6. How hungry are you? At gatherings or during special holiday meals, it can be easy to overeat. Try asking yourself, “how hungry am I actually?” Are you wanting to eat because you’re genuinely hungry or are you wanting to eat because you’re excited? Stressed? Happy? Tired? Bored?


Mindfulness has become a hot topic in the health and wellness world. But it is attention that we believe is well-deserved. Mindfulness is a small practice that can have a big impact on our daily lives. To put it simply, mindfulness is a state of being in which the individual is focused on the present moment. Mindfulness is about noticing and acknowledging one’s breath, thoughts, emotions/feelings, and bodily sensations (without necessarily trying to change them). To put simply, mindfulness is about being with yourself, here and now. Here are some easy ways for you to be more mindful this holiday season:

  1. Be in the moment. If you are celebrating with others, be present with them and also with yourself. Remember why you have all gathered together and what you are celebrating. Be in the now and enjoy it for all that it is rather than thinking of your to-dos, shopping lists, and other obligations.
  2. Eat and drink mindfully. When at a holiday gathering or other celebration, tune in and ask yourself what it is that you’re truly hungry for? Do you want to eat a slice of pie because it’s available or are really hungry for it? Do you want to sip on another glass of wine because you’re stressed or because you want to enjoy it with those around you? Do you want to go for seconds at Thanksgiving because everything was so good and you can’t help yourself or because you are still physically hungry and you’d like to enjoy a little more of the cranberry sauce?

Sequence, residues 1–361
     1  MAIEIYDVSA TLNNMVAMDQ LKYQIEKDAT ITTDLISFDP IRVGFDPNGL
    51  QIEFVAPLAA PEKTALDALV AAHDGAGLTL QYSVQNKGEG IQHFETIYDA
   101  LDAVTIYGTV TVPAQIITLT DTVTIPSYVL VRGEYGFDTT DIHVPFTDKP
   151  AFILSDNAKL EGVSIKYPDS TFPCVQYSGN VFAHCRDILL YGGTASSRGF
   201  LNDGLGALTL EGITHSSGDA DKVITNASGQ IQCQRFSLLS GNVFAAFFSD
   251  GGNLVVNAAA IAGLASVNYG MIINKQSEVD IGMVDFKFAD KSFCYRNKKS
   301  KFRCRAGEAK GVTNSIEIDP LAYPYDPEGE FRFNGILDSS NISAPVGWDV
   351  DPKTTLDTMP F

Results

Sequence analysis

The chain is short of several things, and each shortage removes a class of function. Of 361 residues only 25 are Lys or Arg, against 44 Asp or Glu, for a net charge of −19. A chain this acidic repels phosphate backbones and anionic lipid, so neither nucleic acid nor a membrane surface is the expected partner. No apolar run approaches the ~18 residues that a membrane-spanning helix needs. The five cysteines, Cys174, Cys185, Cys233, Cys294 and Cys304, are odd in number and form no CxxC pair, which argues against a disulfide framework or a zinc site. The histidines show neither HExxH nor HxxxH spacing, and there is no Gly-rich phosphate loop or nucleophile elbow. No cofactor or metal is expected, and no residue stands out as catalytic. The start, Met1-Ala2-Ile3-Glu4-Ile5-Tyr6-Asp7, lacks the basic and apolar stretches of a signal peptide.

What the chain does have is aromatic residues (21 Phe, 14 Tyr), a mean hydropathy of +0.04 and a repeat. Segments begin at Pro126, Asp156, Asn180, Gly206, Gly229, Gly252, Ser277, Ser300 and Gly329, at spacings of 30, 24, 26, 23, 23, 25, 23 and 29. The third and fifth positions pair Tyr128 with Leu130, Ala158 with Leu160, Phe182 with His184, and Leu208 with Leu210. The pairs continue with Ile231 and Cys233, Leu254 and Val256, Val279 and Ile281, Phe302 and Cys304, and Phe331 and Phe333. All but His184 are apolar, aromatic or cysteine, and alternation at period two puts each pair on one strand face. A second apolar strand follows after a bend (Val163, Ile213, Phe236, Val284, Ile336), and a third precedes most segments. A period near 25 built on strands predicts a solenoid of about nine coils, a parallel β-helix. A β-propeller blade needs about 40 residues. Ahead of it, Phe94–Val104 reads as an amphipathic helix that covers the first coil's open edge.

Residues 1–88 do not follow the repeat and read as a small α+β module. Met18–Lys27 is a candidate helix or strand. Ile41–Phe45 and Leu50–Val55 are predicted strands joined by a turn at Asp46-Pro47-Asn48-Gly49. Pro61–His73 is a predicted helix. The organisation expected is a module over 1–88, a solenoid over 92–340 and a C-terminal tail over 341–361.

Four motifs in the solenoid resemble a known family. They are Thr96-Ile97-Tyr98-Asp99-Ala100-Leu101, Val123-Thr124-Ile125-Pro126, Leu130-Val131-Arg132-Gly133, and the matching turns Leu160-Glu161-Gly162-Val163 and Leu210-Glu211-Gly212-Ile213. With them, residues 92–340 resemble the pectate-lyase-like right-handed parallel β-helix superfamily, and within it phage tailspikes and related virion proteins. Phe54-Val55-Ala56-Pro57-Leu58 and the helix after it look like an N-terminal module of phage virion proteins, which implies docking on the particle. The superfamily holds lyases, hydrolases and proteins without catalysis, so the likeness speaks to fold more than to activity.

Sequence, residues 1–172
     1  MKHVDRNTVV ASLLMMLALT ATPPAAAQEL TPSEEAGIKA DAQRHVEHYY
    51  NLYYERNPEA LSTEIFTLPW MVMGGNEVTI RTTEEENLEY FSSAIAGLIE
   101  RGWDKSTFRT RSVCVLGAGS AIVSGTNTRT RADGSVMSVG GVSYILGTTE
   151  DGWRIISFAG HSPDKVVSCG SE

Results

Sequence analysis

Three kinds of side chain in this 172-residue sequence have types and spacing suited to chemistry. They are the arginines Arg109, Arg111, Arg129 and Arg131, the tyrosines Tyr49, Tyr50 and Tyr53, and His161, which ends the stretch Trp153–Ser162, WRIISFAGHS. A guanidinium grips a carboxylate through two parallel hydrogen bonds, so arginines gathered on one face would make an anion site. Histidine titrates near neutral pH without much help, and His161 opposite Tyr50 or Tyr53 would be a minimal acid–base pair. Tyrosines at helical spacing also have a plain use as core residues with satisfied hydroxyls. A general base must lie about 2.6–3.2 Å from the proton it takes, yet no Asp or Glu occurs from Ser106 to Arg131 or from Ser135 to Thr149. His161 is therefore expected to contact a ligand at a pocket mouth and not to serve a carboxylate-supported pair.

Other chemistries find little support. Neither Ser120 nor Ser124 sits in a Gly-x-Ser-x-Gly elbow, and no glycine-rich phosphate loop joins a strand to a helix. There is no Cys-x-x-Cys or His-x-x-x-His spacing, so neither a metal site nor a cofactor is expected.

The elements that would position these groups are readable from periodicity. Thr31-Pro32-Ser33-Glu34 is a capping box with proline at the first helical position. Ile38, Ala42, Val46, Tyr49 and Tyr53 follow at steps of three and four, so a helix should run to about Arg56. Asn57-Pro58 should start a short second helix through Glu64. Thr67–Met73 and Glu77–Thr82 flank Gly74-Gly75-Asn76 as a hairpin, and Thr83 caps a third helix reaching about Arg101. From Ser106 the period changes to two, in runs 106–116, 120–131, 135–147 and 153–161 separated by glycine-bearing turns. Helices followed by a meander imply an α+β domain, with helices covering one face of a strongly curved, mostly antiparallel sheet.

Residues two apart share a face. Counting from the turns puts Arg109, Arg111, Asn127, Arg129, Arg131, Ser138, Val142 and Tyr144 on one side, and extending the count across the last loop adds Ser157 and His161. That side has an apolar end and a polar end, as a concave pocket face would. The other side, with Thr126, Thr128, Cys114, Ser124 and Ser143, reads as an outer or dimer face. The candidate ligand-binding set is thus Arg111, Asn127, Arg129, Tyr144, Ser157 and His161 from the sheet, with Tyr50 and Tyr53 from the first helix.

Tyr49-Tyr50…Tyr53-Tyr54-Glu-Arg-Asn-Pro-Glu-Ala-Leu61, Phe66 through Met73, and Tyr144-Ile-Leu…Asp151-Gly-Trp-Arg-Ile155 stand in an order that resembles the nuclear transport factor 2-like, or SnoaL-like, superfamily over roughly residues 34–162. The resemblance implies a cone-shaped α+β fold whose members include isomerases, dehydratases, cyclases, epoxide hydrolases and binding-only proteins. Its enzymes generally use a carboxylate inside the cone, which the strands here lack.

3. Give yourself space. The holidays can mean many different things and can bring up a whole host of emotions and memories. Whether you’re feeling gratitude, joy, anxiety, or grief, allow yourself the space and the time to sit with those feelings and figure out how you can express and cope with your experience healthfully.
  4. Be kind to yourself. If you choose to enjoy treats or “unhealthy” foods during the holiday celebrations, don’t follow up with beating yourself up. Shaming yourself, punishing yourself, or being angry at yourself will not do you any good. If you tripped up and put your goals to the side for a day, that’s okay- as long as you truly enjoyed whatever it was that you indulged in. Tomorrow’s a new day. You can be flexible with your goals without abandoning them entirely.
  5. Move mindfully. The winter season is one of slowness, rest, and renewal. With less daylight and colder weather, it can be hard to maintain motivation for physical activity. This is a great time to tune in and figure out the ways in which your body wants to move. Some great things to try this winter would be yoga, pilates, body weight exercises, dance, and strength training.